For further information, please contact the Hart Witzen Gallery at 704.334.1177.

Photographer Professor Spotlight: Mark Hamilton

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Mark Hamilton / Photographer Mark Hamilton / Photographer

Born 1957 in Brooklyn, New York, Mark Hamilton’s interest in photography began with hours looking at the great picture magazines of the sixties: Bazaar, Life, Look, and Vogue. The first camera he owned was Canon rangefinder purchased with Christmas money from his parents at Camera Barn on Broadway in NYC. A family vacation to Germany in the seventies started with the purchase of an Exakta VX1000 camera in Frankfurt. The next few months were spent documenting his travels in Europe while visiting his uncle’s family stationed in Germany with the Army. While pursuing studies in architecture at Brooklyn Technical High School, an instructor suggested a career in photography stating, “that you have had more experiences in your life at sixteen than most people who are in their thirties.” Maybe it was the suggestion of a life path from an authority figure, or just stubbornness that led him to join the Marine Corps, flee home, and the turmoil of parents going through a divorce. Purchasing a Asahi Spotmatic camera at a pawnshop while waiting at a bus stop in Okinawa, Japan, his off duty time was filled with taking and printing photographs at the base hobby shop. The purchase of several cameras in Japan led to the acquisition of a Nikon F2AS professional camera. His next duty station was Marine Barracks in Rota, Spain where he spent the next four years teaching himself lighting and studio skills. His photos were spotted on the walls of the base dining facility where he worked as a cook. Transferred to the base photographic unit and as a self-taught photographer led a team of 22 photographers in various photographic assignments with the Naval Atlantic Fleet Audio Visual Command. He returned to New York City after the military enrolled in the new photo program at Parsons School of Design led by Benedict J. Fernandez, the former personal photographer of Martin Luther King Jr. Mark left Parsons after one year to pursue a professional career. His photo work for the schools public relations department led to assignments with Andy Warhol’s Interview Magazine. Fernandez offered a few classes for him to teach at the New School for Social Research to financially assist his pursuits. Early assignments were for Cole of California with Eleanor Lambert Public Relations and New York Apparel News.  It was his work with editor Bridget Foley at Apparel News Group that caught the eye of her new employer Woman’s Wear Daily. Foley’s introduction to the staff at WWD opened the doors to assignment work at WWD, W & M magazines and work with Anne Klein, Donna Karan, Liz Claiborne, Cynthia Rowley, Malcon Forbes, Frank Stella, Ralph Lauren, Michael Graves, Carolina Herrera, Norma Kamali, among others. Shooting the New York Collections with editors Etta Froio, Bobbi Queen, Bridget Foley, Ruth LaFerla, and Karyn Monget provided an education in fashion that led to opening a commercial studio and the confidence to explore the market in Milan and published work with Italian publications Amica & Annabella. Representation followed from the Asian markets when he signed with MEGAPRESS in Tokyo. Mark was asked to teach at the School of Visual Arts by Photography Chair, Alice Beck-Odette while maintaining the studio in NYC.  Hamilton left New York City after maintaining the studio for over a decade. A move to North Carolina began a change to personal projects and a return to the study of fine arts at the University of North Carolina at Charlotte; pursuing primarily painting at first, along with work in Religion and Women’s Studies. Mark’s first fine art projects debuted at the Blue Pony Gallery in Charlotte. He received an invitation from the Union of Students Artists to speak about his work at Winthrop University. The talk that evening led to an invitation by Phil Moody to teach at Winthrop University in a part-time capacity as a lecturer.  Several years later Mark started teaching in a full-time role and is presently a tenured Professor of Fine Arts at Winthrop University. Mark pursues personal fine arts projects and collaborative projects (www.jenniferandmarkhamilton.com) with photographer Jennifer Hamilton, along with commercial projects for select clientele.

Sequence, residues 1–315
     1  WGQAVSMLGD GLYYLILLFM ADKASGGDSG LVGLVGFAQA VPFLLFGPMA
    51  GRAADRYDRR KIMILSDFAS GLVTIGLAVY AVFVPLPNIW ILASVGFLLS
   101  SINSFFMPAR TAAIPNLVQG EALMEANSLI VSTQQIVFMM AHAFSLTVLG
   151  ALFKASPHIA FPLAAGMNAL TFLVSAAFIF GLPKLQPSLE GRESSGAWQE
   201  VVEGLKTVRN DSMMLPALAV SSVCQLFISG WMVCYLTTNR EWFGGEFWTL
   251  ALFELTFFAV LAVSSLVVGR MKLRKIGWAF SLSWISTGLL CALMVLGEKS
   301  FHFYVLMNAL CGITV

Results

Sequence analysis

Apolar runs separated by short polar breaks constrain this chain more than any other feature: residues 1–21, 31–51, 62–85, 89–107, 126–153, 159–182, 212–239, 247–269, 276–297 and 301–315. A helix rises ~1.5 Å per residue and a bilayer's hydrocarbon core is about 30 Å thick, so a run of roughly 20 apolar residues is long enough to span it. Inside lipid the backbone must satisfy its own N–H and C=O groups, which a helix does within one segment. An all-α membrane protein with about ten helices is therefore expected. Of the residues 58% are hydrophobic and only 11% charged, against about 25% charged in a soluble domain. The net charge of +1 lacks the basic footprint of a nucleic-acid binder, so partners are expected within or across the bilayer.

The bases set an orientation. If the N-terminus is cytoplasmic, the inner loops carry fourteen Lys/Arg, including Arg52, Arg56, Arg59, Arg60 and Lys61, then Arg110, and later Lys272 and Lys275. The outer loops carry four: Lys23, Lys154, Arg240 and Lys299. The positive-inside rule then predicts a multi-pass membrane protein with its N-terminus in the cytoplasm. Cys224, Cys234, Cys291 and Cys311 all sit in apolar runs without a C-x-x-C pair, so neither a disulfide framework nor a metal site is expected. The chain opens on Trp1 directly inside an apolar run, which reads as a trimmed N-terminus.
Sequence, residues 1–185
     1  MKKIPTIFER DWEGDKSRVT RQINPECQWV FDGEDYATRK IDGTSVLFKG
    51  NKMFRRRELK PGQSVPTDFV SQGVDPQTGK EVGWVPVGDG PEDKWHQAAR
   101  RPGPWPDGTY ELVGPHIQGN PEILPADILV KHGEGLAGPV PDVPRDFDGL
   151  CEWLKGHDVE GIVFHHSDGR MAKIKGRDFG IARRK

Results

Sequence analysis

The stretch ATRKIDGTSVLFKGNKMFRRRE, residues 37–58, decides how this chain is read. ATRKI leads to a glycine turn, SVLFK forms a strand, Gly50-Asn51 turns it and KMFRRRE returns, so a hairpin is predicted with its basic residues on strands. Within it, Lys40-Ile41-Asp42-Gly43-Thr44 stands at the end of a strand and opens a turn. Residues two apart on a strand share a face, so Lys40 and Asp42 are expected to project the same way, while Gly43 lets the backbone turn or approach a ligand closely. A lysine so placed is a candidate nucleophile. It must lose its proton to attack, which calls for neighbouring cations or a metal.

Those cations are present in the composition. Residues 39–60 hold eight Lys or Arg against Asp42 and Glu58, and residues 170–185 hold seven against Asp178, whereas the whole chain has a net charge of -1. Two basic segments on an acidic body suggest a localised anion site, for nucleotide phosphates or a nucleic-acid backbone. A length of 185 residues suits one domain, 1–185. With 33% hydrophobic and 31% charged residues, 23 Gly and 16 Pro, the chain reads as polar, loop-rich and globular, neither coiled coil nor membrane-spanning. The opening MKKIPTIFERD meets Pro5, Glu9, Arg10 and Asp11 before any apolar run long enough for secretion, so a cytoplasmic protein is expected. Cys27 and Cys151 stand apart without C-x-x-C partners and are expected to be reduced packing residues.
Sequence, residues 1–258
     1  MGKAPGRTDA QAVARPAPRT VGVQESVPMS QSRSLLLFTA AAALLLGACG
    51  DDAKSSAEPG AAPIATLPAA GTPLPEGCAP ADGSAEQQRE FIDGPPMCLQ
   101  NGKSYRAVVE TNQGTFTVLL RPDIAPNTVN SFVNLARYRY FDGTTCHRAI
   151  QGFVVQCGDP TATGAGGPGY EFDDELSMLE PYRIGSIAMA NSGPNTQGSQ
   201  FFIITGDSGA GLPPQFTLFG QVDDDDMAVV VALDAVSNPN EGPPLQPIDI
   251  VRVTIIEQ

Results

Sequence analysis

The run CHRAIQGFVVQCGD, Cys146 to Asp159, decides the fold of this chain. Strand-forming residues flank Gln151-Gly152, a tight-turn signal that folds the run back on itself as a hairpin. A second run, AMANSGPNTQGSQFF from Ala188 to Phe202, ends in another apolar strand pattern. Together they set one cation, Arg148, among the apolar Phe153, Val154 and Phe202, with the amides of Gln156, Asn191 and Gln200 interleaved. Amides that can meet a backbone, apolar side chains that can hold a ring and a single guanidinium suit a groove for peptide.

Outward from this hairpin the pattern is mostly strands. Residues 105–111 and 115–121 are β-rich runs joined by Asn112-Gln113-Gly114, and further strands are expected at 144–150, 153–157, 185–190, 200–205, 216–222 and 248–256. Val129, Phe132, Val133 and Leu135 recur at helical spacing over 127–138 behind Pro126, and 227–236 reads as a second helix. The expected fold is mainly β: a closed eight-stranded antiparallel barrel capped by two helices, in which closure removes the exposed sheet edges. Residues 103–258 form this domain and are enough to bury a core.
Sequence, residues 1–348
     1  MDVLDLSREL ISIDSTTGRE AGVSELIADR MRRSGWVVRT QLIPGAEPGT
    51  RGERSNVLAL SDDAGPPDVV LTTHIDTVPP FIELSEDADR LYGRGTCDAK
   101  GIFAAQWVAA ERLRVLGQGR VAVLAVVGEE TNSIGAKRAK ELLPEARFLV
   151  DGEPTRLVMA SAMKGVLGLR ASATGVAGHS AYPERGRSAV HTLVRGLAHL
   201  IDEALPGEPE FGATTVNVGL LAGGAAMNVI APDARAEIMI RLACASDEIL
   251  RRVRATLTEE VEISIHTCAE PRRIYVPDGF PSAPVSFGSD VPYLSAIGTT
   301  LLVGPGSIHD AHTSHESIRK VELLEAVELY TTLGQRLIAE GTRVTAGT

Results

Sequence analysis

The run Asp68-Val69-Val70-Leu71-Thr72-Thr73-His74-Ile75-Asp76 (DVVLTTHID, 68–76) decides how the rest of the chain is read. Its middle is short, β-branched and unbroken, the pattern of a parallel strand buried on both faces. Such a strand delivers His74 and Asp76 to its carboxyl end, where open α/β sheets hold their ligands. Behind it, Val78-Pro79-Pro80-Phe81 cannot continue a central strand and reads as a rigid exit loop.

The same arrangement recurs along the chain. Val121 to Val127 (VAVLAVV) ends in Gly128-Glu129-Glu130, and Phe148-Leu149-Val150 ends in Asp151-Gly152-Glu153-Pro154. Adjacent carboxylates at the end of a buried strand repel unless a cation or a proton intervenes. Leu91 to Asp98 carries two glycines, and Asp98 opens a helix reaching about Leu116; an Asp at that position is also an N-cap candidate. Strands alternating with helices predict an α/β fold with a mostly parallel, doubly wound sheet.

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INTERVIEW BY JAMIE COTTON:for more info please visit http://www.baja.org/sensuousline/sline0798/jcotton.htm

J.C.: Are you trying to convey an emotion or capture an emotion through your photography?